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Just a heads up that rapid chargers are really intended for 22kW or above charging. Staying on one for a long time charging at 7kW will make you very unpopular with other EV drivers. To avoid it happening, many operators now charge penalties if you charge for too long. For example BP charge £10 after 90 mins.
Agreed, though if you "need" a 100% charge, switching to AC at about 90% is quicker than DC on an Ioniq 38. Of course I would never do that if someone was actually waiting though, and certainly wouldn't leave it unattended at one.
 

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Discussion Starter · #15 ·
Just a heads up that rapid chargers are really intended for 22kW or above charging. Staying on one for a long time charging at 7kW will make you very unpopular with other EV drivers. To avoid it happening, many operators now charge penalties if you charge for too long. For example BP charge £10 after 90 mins.
I had assumed (wrongly, apparently), that they were 7Kw fast chargers combined with the DC rapids, so it was ok to leave yourself connected for ages. It's not like I can pop out of Ikea in the middle of going round the one-way system to unplug it!
 

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I had assumed (wrongly, apparently), that they were 7Kw fast chargers combined with the DC rapids, so it was ok to leave yourself connected for ages. It's not like I can pop out of Ikea in the middle of going round the one-way system to unplug it!
Sure and I agree IKEA was an odd place for a rapid. A few 22kW posts would have been far better IMO, which is what Resort World near NEC has.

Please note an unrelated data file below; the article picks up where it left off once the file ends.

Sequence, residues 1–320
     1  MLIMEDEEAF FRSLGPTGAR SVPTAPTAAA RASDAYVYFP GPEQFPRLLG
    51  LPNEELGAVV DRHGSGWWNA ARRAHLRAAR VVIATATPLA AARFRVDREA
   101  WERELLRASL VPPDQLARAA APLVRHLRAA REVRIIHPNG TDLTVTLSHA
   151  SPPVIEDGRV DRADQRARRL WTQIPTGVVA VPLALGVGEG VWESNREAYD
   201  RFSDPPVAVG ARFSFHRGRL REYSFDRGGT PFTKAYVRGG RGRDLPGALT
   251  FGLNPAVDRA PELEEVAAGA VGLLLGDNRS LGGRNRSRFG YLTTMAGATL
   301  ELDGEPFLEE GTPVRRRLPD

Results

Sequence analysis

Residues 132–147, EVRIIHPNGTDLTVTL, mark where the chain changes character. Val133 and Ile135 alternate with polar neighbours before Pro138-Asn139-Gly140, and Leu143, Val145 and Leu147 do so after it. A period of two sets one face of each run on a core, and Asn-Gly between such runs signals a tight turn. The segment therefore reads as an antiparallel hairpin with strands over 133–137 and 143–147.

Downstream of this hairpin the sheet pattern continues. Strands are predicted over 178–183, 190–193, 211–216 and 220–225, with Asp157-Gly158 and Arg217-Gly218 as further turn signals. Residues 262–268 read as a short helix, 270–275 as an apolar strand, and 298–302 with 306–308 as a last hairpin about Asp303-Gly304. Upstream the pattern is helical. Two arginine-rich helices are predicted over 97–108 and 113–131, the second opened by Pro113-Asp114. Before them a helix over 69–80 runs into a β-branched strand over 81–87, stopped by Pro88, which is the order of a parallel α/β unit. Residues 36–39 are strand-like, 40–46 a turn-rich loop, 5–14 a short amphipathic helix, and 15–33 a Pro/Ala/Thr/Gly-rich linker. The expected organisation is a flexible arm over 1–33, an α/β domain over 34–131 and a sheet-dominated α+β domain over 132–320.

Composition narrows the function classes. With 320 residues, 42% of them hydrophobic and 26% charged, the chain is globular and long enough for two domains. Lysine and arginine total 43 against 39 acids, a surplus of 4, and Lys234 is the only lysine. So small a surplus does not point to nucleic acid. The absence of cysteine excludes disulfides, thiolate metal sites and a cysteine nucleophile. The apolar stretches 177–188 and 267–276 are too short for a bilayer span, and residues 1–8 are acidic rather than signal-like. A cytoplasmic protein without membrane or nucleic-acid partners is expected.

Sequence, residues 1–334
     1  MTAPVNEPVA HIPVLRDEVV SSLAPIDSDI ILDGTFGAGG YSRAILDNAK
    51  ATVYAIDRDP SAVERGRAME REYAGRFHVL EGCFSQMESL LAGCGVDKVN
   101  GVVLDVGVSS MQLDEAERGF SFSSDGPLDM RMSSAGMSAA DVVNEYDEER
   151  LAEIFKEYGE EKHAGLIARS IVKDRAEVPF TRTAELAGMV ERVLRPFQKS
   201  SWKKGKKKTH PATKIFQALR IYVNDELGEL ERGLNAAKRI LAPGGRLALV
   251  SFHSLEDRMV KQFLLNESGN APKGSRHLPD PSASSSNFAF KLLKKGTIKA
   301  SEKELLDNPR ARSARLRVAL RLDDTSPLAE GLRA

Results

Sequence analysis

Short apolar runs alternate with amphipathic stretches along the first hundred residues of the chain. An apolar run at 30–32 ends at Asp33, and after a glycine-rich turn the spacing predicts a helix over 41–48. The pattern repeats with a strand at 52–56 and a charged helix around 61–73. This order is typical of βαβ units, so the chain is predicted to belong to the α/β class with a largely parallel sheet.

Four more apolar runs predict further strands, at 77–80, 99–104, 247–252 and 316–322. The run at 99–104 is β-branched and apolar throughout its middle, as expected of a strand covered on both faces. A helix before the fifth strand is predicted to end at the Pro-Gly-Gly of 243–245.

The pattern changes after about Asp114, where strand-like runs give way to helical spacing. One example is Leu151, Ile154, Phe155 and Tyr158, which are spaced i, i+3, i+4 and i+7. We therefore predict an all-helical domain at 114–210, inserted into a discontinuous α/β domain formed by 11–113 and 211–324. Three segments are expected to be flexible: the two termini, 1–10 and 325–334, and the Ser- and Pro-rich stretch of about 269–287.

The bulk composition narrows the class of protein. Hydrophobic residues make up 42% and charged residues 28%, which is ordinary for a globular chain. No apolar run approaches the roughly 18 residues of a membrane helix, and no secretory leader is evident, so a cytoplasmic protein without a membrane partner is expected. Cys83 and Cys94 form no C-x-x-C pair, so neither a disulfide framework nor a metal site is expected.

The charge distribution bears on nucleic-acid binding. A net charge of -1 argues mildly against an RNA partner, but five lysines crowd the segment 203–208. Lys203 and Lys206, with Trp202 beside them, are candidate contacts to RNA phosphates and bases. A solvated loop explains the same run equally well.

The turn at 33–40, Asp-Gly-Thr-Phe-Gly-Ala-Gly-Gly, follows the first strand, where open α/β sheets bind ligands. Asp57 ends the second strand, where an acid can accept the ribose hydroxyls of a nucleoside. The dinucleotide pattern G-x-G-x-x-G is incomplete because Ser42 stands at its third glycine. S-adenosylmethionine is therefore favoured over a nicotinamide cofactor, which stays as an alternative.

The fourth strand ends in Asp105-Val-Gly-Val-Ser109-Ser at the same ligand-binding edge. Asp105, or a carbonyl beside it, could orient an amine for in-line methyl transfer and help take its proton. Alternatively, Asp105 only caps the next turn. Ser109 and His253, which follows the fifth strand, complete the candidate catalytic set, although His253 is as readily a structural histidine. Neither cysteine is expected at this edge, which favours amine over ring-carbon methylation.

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I am not sure why the AC still feature on Rapids as I think the new Zoe’s have a different type of rapid charging connection now?
Just because a new model was released doesn't mean that the last 5+ years worth of Zoes suddenly get taken off the road. The existing cars still need to be supported for some time yet! (Also CCS is still only an optional extra on the new models. A 22kW AC charger is still the standard, even on the new ones)

Newer rapids tend to just have a 22kW socket installed, which is probably a better solution which will probably avoid some confusion.
 

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Huh, that explains a lot. I always used to charge Zoe at IKEA Cardiff next to a Leaf. I assumed I was getting 3kw because the charger was shagged, not because the unit couldn’t actually support two cars at the same time.
 

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My understanding is that the 7kW Ecotricity charge points (referred to as “slow chargers”, of which there are 14 (according to their website) are all free to use. You will need a Ecotricity swipe card to use these charges.
They're actually 22kW three-phase units, not 7kW... when they work.
So, if your vehicle is capable of drawing a full 32amps per phase, you get a reasonably fast charge for free.